Compliance Committee Best Practices: A Q&A with Dr. CJ Wolf
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Question from M. Anderson:
For small companies, under 10 employees, is a Compliance Committee needed? and/or a Compliance officer?
For a company this small, it would be rare for a full-time compliance officer to be hired or needed. Rather, someone in the company with other responsibilities would likely be named as the compliance officer or compliance contact. In these situations, it would be unusual to have a large compliance committee. As a substitute, the named compliance contact could possibly meet on a regular basis with the owner, or highest authority, in the organization and have that duo function as a compliance committee. The OIG has also stated, "In situations where staffing limitations mandate that the practice cannot afford to designate a person(s) to oversee compliance activities, the practice could outsource all or part of the functions of a compliance officer to a third party, such as a consultant, PPMC, MSO, IPA or third-party billing company." Healthitcity offers these kind of outsourced compliance services for smaller organizations who don't have the resources to hire a full-time compliance officer.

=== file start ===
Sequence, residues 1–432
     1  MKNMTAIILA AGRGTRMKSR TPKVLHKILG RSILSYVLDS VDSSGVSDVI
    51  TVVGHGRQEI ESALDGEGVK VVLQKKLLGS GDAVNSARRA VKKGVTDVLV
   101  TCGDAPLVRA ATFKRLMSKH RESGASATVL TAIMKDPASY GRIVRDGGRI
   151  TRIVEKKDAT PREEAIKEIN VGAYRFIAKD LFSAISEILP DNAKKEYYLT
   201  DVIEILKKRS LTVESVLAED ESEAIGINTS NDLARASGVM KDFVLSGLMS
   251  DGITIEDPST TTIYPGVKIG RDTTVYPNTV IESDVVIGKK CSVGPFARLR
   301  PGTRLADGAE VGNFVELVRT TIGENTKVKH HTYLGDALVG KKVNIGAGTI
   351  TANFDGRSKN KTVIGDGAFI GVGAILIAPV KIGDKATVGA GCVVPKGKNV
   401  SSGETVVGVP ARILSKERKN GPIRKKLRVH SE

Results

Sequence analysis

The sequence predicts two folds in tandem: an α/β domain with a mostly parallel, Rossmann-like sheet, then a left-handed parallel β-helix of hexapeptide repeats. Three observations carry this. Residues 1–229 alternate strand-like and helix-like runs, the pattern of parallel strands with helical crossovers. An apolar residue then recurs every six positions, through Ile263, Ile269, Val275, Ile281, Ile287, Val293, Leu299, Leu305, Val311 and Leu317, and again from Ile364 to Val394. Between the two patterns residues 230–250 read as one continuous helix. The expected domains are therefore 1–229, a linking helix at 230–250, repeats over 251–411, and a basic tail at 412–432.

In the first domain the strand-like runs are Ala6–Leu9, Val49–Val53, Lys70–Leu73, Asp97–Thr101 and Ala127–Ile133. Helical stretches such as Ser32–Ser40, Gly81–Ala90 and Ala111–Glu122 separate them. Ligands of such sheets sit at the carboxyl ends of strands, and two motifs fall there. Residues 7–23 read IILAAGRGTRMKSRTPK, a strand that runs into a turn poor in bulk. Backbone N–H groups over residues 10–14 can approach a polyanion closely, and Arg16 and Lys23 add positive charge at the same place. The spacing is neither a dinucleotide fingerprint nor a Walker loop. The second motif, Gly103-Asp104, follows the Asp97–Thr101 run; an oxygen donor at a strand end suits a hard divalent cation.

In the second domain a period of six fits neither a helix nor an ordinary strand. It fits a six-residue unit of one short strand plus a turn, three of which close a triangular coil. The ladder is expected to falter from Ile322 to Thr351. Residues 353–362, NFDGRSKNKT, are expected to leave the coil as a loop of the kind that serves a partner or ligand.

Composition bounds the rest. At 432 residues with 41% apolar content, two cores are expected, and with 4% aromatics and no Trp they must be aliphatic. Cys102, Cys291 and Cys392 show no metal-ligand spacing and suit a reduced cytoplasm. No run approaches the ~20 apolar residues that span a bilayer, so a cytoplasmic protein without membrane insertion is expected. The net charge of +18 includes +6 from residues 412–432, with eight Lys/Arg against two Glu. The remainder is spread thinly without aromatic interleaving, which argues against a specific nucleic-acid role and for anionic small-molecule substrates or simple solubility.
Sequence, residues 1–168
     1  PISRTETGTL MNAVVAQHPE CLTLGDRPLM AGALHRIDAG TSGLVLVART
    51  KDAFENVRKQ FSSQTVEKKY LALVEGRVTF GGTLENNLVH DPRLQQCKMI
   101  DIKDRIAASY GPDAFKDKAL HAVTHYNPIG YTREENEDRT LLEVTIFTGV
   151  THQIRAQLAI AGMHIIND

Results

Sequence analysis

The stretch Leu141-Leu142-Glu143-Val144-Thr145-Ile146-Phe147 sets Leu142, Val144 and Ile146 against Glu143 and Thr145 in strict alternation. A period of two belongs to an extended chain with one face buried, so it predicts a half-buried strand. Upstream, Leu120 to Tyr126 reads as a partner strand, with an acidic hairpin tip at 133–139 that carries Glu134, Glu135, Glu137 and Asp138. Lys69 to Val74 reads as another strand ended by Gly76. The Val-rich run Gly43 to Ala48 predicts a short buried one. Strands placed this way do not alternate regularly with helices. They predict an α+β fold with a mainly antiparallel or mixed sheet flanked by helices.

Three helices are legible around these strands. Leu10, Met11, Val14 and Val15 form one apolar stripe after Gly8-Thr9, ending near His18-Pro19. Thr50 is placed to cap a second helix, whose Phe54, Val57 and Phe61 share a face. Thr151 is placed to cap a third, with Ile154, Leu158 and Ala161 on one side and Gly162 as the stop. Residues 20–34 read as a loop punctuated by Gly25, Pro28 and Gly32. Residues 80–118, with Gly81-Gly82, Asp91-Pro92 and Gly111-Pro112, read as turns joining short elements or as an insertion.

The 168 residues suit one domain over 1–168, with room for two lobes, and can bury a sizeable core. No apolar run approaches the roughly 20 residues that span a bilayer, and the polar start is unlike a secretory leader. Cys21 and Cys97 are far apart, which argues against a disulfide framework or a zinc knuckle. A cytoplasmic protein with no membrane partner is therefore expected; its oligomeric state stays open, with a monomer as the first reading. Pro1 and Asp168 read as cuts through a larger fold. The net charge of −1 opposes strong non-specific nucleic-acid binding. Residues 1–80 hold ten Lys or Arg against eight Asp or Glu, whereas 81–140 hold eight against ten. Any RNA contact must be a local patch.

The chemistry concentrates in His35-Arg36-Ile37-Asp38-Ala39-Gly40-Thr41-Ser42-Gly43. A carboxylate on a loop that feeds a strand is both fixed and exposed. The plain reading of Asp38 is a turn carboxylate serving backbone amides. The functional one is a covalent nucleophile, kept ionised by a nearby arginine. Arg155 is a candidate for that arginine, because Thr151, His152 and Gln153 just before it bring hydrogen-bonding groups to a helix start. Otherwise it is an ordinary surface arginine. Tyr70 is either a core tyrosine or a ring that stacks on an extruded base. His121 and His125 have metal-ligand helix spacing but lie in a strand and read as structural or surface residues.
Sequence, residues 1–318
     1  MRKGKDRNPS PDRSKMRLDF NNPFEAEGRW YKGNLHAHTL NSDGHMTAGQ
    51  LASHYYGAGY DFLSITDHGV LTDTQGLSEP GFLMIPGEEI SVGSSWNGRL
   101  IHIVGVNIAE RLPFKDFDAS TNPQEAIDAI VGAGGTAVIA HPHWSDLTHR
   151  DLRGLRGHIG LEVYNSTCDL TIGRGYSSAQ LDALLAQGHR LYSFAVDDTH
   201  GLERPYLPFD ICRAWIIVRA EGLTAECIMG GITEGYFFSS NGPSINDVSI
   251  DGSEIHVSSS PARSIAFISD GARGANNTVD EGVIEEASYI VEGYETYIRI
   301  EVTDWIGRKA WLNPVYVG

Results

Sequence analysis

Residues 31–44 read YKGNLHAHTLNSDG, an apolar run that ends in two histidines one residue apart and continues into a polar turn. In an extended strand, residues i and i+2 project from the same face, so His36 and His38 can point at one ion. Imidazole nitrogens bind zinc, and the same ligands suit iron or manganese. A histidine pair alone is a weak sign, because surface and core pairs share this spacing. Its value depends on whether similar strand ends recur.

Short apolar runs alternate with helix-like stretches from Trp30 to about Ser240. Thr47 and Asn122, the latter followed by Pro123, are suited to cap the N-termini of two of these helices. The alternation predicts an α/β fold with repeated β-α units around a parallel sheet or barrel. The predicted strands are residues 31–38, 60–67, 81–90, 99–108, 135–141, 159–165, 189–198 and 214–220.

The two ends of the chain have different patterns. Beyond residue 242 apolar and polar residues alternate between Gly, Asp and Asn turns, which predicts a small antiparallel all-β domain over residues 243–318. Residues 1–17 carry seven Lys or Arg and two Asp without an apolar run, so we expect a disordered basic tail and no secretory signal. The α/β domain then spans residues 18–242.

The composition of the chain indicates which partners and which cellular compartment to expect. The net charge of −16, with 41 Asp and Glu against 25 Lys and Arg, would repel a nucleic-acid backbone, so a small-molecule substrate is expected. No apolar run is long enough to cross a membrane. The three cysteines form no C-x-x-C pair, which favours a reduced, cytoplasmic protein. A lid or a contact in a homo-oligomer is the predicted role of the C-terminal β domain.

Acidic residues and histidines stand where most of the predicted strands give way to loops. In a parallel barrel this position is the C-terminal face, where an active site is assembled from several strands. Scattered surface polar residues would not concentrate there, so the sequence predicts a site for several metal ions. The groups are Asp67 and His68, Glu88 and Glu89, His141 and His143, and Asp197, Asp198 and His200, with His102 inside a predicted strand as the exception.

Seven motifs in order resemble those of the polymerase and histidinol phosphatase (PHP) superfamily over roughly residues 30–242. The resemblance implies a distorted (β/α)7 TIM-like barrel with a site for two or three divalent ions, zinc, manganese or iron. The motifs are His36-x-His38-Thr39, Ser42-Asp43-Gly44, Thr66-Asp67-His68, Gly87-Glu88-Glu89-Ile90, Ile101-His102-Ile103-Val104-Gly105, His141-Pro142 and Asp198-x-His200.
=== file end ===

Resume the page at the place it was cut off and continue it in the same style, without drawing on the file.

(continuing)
Question from S. Chennoju:
Can a medical coder ever have an opportunity to join a compliance committee?
Absolutely! A medical coder could very likely be an excellent addition to a compliance committee.
Question from G. Chukwuemeka:
What are some buy-in techniques that can be used to avoid/decrease resistance to compliance plan/charter?
I think a good buy-in technique would be to use the OIG Effectiveness resource guide quotes (i.e., the numbered measures) that I shared in the slide deck. Those measures, suggested by the OIG, directly refer to the compliance committee having a charter as well as a work plan. Quoting the OIG should hopefully decrease resistance to the idea.
Question from K. Colton-Emke:
Can we have a compliance committee vs just a compliance officer?
The guidance from the OIG is to have both.
Question from M. Cox:
What areas of compliance should the committee not address?
The committee should own the compliance program. That doesn't mean they manage the day-to-day operations of the program, but they should feel the weight of overall ownership. With that said, there probably isn't any area of compliance that the committee shouldn't at least have oversight of.
Question from R. Galli:
Engagement is lacking. I am basically talking to our committee the whole meeting. I ask for topics, nothing. We have 25 people on our committee from all departments, VP's, Directors. managers. There is no real ownership or commitment. They are checking a box.